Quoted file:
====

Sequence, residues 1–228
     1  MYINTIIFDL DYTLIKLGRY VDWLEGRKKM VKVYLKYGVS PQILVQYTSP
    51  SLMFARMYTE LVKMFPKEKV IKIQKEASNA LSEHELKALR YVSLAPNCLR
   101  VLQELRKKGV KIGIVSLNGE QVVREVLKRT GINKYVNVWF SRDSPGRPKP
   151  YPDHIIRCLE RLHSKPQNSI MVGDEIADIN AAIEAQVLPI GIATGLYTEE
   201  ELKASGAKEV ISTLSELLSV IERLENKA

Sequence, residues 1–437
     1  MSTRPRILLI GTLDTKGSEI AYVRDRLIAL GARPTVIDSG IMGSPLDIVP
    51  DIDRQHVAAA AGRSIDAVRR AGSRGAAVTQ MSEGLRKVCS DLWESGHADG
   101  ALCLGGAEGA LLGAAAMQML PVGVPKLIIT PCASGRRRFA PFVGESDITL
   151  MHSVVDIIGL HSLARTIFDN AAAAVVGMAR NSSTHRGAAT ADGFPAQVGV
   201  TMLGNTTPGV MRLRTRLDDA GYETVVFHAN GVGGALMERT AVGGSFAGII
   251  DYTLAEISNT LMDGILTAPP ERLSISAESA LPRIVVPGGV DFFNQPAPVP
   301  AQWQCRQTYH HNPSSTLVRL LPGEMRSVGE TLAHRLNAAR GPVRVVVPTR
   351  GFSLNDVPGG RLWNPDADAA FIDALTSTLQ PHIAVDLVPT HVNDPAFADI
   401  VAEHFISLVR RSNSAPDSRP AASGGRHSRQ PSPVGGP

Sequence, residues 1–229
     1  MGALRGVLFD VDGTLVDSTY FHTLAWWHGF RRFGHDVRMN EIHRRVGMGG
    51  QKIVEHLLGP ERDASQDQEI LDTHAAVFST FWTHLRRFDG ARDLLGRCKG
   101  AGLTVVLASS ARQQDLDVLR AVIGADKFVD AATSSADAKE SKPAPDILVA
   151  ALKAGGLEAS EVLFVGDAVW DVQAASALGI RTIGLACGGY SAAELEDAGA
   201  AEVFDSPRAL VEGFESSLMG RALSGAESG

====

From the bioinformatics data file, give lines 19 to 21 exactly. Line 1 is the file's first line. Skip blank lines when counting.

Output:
    51  QKIVEHLLGP ERDASQDQEI LDTHAAVFST FWTHLRRFDG ARDLLGRCKG
   101  AGLTVVLASS ARQQDLDVLR AVIGADKFVD AATSSADAKE SKPAPDILVA
   151  ALKAGGLEAS EVLFVGDAVW DVQAASALGI RTIGLACGGY SAAELEDAGA